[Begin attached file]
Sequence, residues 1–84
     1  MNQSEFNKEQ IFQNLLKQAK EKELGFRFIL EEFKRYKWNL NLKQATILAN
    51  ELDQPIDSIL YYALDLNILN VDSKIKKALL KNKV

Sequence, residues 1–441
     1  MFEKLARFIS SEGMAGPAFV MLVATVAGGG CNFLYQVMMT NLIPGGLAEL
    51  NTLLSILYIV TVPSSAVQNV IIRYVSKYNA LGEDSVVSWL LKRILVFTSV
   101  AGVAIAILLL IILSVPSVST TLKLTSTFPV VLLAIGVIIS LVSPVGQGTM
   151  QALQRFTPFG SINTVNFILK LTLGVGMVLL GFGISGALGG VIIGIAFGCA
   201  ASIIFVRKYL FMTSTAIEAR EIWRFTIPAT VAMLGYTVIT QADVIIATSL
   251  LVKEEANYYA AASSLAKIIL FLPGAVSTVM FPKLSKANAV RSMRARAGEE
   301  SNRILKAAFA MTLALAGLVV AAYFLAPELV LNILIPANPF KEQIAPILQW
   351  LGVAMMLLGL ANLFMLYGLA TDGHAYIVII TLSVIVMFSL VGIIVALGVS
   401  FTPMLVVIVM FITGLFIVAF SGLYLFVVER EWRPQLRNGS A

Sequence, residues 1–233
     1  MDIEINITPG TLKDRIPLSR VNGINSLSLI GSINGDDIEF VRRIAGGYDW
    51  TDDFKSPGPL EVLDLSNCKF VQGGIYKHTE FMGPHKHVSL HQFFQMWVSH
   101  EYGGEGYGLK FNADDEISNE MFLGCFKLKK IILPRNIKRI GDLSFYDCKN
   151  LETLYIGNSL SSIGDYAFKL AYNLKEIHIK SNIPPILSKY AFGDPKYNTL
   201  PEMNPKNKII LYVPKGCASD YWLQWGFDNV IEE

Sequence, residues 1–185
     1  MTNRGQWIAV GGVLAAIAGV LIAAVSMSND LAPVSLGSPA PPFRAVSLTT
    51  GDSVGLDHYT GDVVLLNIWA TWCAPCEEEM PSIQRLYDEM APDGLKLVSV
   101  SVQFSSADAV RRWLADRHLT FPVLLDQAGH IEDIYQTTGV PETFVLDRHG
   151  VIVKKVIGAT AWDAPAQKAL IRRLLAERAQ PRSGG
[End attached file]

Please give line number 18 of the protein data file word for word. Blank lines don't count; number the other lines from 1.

   151  LETLYIGNSL SSIGDYAFKL AYNLKEIHIK SNIPPILSKY AFGDPKYNTL